Eyelid (Human)

Dinoflagellates (Peridinium) are single-celled organisms that propel though watery environments by waving two thread-like structures referred to as flagella. These mostly marine creatures are participants in plankton communities that drift along sea currents and serve as an important source of food for many aquatic animals.

Fava Bean Mitosis

The fava bean plant (Vicia faba) also known as broad bean or horse bean, is a legume belonging to the pea family, Fabaceae. It is cultivated for its seeds, six to eight beans resembling large round limas, packed inside a large, pale-green, velvety pod.

Fern Anther

The anther is the pollen producing structure of flowering plants that is found in the male reproductive organ known as the stamen. Often referred to as the pollen sac, anthers are bi-lobed structures that typically rest atop long slender stalks called filaments.

Fern Indusium

Fern is a common name for the cryptogamous (spore-producing) plants belonging to the division Filicophyta, also called Filicinophyta. They are primitive vascular plants with true roots, stems, and complex leaves. Most ferns reproduce through the alternation of generations, alternating successive generations of sexual and asexual forms.

Fern Spores

Most ferns reproduce through the alternation of generations, alternating successive generations of sexual and asexual forms. The sexual form, called the gametophyte or prothallia, is a tiny kidney-shaped plant and difficult to find in the wild. The asexual form, or sporophyte, is represented by the fern plant as it is commonly known.

Frog Artery

The primary function of the heart is to pump oxygen rich blood to organs such as the brain, liver, and kidneys as well as all other tissue. The heart of the frog is different from the hearts of warm-blood animals such as humans.

Frog Eye (40x Magnification)

Frogs have eyes that closely coordinate with their long sticky tongues to enable these amphibians to capture fast moving prey with whip-like accuracy. A majority of species possess eyes that bulge from the sides of their heads so that most frogs can see in almost all directions.

Frog Muscle

Frogs depend on several types of muscles to carry out their normal daily activities such as pumping blood, breathing, moving about, and retrieving food. The three types of muscle are striated (skeletal), cardiac (heart), and smooth.

Frog Stomach

After outliving dinosaurs, frogs have changed very little from their ancestors who roamed the earth 150 million years ago. These slippery creatures can be found atop freshwater lily pads, among the canopies of tropical rainforests, burrowed deep into the sands of the Australian desert, or even hibernating in Arctic soil.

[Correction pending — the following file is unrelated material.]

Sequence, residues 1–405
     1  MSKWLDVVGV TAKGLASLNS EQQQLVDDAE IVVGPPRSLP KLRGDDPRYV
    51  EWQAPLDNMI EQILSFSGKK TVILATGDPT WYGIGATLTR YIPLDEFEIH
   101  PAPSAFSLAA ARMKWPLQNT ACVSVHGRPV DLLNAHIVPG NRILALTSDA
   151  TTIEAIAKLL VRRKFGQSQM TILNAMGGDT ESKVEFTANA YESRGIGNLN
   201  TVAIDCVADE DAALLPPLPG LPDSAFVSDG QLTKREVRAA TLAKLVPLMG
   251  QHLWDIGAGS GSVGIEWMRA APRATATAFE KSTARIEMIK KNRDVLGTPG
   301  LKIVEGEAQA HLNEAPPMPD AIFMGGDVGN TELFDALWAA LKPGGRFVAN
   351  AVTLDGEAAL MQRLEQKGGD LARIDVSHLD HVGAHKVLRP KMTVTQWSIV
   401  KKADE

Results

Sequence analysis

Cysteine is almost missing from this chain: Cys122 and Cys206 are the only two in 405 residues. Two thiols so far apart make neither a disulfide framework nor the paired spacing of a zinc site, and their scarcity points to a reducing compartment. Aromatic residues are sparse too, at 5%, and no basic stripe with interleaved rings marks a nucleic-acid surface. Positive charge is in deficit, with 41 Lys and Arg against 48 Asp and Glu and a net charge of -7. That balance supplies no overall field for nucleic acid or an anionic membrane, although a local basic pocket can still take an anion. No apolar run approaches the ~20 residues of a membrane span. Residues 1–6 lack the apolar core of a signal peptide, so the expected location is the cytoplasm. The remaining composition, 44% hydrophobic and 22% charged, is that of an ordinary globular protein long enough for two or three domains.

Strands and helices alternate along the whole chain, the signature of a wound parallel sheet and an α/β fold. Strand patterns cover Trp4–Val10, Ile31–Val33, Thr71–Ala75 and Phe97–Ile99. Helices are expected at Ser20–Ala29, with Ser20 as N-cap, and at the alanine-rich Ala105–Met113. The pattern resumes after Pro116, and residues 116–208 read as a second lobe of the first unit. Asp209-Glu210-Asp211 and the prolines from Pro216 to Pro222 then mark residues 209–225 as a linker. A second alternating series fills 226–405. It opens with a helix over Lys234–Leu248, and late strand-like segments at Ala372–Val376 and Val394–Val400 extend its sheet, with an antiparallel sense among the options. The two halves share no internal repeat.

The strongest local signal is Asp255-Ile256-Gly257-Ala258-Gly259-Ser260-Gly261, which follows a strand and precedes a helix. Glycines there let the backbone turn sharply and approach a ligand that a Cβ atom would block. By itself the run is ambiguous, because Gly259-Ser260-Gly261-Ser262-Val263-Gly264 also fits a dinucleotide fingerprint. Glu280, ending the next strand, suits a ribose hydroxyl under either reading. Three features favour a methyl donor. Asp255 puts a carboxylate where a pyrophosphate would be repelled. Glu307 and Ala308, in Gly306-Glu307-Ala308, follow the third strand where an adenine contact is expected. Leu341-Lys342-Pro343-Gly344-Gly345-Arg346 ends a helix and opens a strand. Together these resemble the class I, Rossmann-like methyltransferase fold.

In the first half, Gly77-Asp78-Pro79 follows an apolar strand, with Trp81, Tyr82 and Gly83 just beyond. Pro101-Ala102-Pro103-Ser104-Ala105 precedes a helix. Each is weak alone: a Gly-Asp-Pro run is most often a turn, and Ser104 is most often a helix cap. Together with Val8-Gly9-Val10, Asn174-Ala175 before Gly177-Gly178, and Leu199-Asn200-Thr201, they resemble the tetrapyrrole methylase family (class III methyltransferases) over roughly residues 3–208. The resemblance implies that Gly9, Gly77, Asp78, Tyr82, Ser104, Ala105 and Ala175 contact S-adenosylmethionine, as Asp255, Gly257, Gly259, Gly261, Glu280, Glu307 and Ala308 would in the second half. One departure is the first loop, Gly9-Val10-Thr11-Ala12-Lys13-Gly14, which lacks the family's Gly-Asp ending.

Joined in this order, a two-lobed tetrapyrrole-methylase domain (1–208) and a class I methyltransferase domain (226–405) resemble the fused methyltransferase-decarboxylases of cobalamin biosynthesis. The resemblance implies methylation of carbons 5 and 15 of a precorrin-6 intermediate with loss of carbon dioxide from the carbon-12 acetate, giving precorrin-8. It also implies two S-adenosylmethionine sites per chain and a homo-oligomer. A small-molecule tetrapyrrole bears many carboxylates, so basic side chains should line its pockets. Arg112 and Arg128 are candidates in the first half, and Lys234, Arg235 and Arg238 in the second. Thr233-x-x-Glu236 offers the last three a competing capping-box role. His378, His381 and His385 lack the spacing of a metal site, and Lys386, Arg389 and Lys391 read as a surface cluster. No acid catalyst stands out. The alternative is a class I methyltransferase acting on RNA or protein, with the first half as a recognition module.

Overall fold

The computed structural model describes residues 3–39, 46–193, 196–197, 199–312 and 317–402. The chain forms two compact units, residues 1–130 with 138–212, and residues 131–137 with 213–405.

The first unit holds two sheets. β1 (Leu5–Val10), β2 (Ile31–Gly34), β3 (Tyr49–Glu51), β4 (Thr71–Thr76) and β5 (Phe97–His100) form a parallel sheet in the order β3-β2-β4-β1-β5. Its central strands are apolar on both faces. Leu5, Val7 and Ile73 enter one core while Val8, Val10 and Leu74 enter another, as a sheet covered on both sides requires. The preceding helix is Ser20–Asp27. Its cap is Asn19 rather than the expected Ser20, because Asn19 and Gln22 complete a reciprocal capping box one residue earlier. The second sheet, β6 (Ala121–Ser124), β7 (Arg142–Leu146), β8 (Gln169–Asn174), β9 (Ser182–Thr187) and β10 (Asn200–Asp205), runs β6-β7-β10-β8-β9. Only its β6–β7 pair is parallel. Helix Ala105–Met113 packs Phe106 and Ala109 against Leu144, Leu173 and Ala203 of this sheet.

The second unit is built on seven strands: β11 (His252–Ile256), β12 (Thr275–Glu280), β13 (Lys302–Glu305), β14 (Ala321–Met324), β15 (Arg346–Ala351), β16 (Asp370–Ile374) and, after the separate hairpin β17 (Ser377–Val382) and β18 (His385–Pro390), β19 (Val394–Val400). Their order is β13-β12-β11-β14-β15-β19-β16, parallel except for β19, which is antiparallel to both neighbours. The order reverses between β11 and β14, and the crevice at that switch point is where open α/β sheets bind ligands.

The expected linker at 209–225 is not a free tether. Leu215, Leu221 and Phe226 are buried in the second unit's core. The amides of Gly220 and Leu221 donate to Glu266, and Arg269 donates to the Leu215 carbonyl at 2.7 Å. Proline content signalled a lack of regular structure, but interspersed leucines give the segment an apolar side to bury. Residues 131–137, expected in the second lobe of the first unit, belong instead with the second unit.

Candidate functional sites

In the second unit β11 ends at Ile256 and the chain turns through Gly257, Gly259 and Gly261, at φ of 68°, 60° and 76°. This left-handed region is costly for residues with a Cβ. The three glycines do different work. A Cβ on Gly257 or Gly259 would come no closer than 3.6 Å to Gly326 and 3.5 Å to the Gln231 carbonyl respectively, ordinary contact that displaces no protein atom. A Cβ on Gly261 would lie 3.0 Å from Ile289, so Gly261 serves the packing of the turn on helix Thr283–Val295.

Frog Unsegmented Egg

Unlike their reptile cousins, which are better adapted for reproduction on land with eggs that are protected from desiccation and other harm, frog eggs need a moist environment and often are protected by a gelatinous mass.

Ginkgo Tree

The ginkgo tree has changed little in morphology based on 200 million year-old fossils. This beautiful plant is often cultivated as an ornamental tree, particularly in urban areas because it is resistant to smog.

Grape Black Rot

Black rot, caused by the fungus Guignardia bidwellii is one of the most serious diseases of cultivated grapes in the eastern United States, especially in warm, humid areas. Crop losses can be devastating, ranging from 5 to 80 percent depending on the weather, the variety of grape being grown, and the amount of disease in the vineyard.

Green Algae

Members of the Kingdom Protista, algae are most common in aquatic habitats, but occur in nearly every environment. They range in size from microscopic to giant kelp that reach 200 feet (60 meters) in length. Algae produce a significant percentage of the Earth's oxygen, are the base of the food chain for nearly all aquatic life, and provide food and industrial products for humans.

Hamster Cell Nuclei

Chinese hamster ovary (CHO) cells (sometimes Syrian hamster cells) are very popular for histological, viral, and genetic research, because they are easily cultured as animals or tissues in the laboratory and because hamsters are small, cheap, and reproduce prolifically at an early age.

Heart Thick Section

The human heart, typical of mammals, is a four-chambered hollow muscular organ, found between the lungs and enclosed in the pericardium (cardiac) cavity. The average adult heart is about five inches in length and three and a half inches at its broadest part.

Hollyhock Rust Fungus

Hollyhocks are prone to rust disease, which generally does not cause death of the plant, but does stunt growth and cause discoloration and premature shedding of leaves.

Human Bronchogenic Carcinoma

Bronchogenic carcinoma, or lung cancer, is the leading cause of cancer deaths in the United States and most of the developed world. In the 1990s, more women were dying of lung cancer than of breast cancer, which historically had been the major cancer killer in women.